The new study, published Thursday in the journal Nature Climate Change, found that anthromanic world warming is threatening to interfere with a system of currents in the Atlantic Ocean and are affecting weather across the world.
The Atlantic Meridional Overturning Circulation (AMOC) belongs to a great system of ocean currents known as the Gulf Stream, which carries warm water from the tropics to the North Atlantic Ocean.
This natural redistribution of heat has long been taking great steps to stabilise weather and regional climates.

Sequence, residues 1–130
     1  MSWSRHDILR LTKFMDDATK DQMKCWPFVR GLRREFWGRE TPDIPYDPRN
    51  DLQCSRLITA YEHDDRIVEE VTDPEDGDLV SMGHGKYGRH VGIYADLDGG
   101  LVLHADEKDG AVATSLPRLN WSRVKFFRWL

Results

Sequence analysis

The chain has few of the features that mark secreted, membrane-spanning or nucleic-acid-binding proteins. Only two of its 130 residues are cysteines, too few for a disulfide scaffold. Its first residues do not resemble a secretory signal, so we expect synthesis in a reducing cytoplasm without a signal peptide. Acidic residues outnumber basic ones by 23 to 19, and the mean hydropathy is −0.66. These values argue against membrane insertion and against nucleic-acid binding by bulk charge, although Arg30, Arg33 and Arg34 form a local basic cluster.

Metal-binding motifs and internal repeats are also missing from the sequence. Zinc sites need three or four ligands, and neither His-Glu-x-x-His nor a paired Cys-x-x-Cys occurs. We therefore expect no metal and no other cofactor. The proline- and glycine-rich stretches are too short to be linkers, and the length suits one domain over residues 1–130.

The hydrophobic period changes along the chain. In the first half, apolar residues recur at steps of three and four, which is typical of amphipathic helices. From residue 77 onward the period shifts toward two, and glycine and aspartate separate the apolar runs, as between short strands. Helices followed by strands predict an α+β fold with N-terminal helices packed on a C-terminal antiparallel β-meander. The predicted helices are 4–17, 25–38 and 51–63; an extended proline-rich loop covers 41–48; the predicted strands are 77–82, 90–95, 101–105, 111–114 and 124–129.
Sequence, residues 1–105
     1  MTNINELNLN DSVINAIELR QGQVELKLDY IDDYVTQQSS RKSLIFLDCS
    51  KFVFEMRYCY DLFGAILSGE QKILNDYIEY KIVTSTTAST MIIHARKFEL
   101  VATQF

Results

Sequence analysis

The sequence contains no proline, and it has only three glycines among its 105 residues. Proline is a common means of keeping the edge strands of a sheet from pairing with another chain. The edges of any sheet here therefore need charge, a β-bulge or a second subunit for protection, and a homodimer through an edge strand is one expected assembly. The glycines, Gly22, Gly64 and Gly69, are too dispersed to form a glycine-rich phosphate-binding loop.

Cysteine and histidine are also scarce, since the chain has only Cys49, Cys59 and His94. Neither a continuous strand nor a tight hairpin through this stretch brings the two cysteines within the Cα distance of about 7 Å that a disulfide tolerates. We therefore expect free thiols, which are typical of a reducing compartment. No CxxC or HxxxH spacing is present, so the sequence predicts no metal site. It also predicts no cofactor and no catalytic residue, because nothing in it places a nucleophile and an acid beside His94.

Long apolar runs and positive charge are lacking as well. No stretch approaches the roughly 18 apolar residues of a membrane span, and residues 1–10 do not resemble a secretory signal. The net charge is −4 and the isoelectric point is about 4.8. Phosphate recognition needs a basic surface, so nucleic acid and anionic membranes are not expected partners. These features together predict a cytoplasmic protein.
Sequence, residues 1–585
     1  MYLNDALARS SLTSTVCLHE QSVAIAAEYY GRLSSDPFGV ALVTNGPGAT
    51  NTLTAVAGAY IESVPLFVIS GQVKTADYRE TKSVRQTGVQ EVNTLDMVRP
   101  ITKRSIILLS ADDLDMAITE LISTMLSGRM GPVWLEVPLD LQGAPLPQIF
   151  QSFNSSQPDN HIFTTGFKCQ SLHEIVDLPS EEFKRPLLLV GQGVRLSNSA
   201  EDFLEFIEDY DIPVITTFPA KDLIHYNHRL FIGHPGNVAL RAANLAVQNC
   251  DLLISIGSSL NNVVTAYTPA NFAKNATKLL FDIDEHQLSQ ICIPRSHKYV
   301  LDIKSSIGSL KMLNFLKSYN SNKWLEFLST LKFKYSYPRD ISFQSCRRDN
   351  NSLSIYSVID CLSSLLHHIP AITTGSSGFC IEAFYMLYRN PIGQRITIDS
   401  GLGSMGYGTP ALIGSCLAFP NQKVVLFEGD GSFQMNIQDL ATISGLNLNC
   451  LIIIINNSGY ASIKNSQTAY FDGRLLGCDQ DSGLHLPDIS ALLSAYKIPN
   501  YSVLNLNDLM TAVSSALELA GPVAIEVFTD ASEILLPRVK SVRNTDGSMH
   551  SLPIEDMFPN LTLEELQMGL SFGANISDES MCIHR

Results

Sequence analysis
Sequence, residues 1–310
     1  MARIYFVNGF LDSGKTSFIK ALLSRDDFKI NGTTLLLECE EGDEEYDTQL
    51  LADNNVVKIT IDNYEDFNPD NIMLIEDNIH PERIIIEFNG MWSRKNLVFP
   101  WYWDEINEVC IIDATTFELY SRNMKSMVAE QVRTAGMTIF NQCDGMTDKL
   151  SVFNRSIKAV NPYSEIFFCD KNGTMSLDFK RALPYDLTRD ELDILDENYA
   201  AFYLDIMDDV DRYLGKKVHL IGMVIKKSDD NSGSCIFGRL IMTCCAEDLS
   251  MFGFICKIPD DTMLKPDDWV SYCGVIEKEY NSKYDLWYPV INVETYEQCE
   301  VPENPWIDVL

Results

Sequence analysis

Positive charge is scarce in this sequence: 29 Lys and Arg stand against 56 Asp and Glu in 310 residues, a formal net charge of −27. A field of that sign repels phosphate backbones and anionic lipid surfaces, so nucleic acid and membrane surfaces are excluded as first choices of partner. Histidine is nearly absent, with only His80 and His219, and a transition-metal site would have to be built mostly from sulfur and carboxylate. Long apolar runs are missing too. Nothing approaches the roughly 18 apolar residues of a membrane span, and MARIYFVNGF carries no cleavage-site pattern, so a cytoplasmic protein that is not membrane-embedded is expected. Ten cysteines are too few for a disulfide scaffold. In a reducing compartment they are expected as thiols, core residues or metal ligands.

Other climate models indicate that the AMOC will degrade in the course of the next century, but that a collapse before 2100 is unlikely.
The new study, published on Thursday in the journal Nature Climate Change, shows that this situation may be more grave than previously thought.
As a result of analysing shallow sea temperatures and Atlantic salinity, the study says weakening over the last century rather entails loss of stability.
“The mere possibility that the AMOC tipping point is close should be motivation enough for us to take countermeasures. The consequences of a collapse would likely be far-reaching.”Levke Caesar
Leanne Caesar, a climate physicist at Ireland ‘The mere possibility that the AMOC tipping point is close should be motivation enough for us to take countermeasures. The consequences of a collapse would likely be far-reaching.